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    Technological improvements bring an immediate consequence: The increase in productivity. When we are faced with increases in productivity, there are two options to choose from: we can work the same amount of time and produce more output, or, we can produce the same output but in less amount of time. Let's look at the following example:

    Imagine you produce 1000 shoes in one day (8 hours). Then, a machine is invented that can help you produce the same amount of shoes but now in half a day (4 hours). You have 2 options: you can either work the same 8 hours and produce 2000 shoes or you can take the increase in productivity and produce the same amount of shoes you were producing before (1000) but work half the day only, 4 hours. 

    Unfortunately, our economy, focused on "Unlimited Growth" and "Profits", always chooses to produce more output, instead of using the increase in productivity (by the new machine) to reduce  the amountof time it takes to produce the output. 

    Economist Juliet Schor states in her book "The Overworked American" the following:

"[In the United States]...we could now produce our 1948 standard of living (measured in terms of marketed goods and services) in less than half the time it took that year. We actually could have chosen the four-hour day. Or a working year of six months. Or, every worker in the United States could now be taking every other year off from work - with pay."  (Schor, 1992)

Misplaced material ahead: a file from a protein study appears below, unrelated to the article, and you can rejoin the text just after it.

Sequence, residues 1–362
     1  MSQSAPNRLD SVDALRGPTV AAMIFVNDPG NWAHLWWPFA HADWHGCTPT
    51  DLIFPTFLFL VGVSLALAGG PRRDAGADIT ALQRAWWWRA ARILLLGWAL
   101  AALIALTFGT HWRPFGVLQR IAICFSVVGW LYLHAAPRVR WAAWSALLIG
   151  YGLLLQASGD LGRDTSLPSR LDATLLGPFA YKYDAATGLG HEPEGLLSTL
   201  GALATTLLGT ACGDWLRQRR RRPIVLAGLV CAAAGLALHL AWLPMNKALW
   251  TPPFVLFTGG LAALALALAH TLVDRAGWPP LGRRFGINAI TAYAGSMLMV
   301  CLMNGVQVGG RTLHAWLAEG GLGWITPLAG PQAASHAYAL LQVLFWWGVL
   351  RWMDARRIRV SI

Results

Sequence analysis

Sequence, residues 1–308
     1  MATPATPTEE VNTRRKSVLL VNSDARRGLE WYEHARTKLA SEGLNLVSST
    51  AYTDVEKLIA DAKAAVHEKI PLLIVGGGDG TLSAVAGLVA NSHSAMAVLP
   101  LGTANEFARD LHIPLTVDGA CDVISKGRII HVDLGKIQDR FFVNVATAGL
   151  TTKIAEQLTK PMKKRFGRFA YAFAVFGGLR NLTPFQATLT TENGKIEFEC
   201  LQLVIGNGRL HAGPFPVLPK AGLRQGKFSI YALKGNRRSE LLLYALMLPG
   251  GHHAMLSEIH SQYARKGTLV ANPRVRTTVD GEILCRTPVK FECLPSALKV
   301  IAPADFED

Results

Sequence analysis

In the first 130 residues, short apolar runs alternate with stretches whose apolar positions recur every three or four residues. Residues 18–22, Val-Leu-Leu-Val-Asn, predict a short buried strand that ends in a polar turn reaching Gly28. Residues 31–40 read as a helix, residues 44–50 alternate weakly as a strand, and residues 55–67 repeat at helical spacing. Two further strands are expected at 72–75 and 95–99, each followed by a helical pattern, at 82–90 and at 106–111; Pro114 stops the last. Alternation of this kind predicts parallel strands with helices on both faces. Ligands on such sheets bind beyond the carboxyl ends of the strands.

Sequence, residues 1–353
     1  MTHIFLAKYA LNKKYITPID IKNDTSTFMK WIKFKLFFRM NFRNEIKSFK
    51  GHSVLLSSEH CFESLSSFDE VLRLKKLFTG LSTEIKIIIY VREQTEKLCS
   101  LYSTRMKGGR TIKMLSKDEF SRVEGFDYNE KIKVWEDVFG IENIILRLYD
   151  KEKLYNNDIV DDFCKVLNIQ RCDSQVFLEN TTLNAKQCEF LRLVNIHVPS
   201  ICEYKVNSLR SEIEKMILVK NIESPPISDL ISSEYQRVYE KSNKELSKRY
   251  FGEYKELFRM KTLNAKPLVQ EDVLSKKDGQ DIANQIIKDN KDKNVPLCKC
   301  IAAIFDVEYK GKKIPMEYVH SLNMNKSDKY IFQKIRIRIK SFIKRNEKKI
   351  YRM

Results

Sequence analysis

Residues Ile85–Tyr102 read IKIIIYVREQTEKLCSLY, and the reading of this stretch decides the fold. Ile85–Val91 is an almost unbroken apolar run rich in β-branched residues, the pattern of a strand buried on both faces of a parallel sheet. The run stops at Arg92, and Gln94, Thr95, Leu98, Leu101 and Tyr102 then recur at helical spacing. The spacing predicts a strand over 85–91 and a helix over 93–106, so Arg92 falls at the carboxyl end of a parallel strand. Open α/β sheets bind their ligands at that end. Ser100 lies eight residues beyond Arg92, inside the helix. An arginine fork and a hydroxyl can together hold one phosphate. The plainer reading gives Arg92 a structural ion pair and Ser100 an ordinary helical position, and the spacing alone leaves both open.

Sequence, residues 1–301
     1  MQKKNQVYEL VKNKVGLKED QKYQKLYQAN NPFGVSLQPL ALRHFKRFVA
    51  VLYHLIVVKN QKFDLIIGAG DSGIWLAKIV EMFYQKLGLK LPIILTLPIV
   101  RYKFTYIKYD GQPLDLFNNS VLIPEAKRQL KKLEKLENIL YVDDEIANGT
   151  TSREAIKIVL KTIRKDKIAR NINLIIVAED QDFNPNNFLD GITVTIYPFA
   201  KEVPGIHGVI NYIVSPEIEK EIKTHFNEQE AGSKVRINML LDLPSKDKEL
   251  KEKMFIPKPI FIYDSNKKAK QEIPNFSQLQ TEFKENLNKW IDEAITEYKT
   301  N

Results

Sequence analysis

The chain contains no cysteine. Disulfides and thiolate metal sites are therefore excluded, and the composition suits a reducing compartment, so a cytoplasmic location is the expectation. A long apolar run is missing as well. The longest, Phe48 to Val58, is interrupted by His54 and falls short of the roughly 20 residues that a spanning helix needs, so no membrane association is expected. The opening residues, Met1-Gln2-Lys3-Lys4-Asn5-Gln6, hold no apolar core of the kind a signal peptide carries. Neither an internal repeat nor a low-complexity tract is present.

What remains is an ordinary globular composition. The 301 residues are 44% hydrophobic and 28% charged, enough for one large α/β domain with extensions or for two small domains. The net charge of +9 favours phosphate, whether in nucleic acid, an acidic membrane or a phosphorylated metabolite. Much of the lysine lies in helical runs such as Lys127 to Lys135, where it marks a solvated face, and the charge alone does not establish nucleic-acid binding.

We are utilizing the increases in productivity to produce more instead of reducing the work-day. In fact, we are even increasing the amount of work above the 40 hours per week. People and the planet cannot sustain this practice anymore. We need to start choosing the other option, which is to produce the same output in less time. Of course, if demand increases, we will have to adjust output to meet that increase in demand, but we have to be careful and look at the reasons why that demand has increased. Is it a real increase in demand or is it "Manufactured Demand", induced by advertisements telling us that the shoes we own are no longer "cool" or in "fashion", even though the shoes are perfectly fine and their utility has not decreased. Having a system that has incentives to produce more and more than what we already have just for the sake of more profits is illogical and will just make things worse. Economic collapse will be just a small drop compared to what environmental collapse will be for society. If we deplete the resources there will be no hope. We need to start choosing the second option, which is to reduce the work-day so we can use productivity increases for our benefit.


  1. Schor, J. (1992). The Overworked American. The Unexpected Decline in Leisure. Basic Books, New York, NY.